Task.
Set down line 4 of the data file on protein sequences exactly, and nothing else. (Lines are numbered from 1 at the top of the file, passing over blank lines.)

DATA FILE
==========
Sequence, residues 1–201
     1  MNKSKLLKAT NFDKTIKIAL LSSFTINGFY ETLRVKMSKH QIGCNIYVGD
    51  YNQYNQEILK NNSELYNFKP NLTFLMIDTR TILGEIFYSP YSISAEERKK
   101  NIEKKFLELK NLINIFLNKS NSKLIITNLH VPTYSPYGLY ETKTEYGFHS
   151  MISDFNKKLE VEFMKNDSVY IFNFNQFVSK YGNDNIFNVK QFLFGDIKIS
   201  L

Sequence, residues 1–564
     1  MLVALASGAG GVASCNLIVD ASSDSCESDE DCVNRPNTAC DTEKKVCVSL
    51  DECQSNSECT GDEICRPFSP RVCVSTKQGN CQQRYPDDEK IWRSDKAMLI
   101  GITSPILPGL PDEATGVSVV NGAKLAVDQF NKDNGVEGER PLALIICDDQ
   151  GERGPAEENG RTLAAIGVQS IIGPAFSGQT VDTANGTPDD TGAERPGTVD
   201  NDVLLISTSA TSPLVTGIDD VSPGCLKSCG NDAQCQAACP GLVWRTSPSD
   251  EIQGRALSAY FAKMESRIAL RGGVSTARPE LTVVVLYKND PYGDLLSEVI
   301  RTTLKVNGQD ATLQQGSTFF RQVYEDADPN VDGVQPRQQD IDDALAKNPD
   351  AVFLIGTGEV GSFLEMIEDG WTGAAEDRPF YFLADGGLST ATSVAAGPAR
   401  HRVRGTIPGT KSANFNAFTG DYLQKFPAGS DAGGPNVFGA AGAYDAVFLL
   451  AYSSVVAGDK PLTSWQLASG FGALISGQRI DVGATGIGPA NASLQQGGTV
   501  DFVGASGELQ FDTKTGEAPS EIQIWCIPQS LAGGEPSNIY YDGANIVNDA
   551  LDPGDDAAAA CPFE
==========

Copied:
   101  NIEKKFLELK NLINIFLNKS NSKLIITNLH VPTYSPYGLY ETKTEYGFHS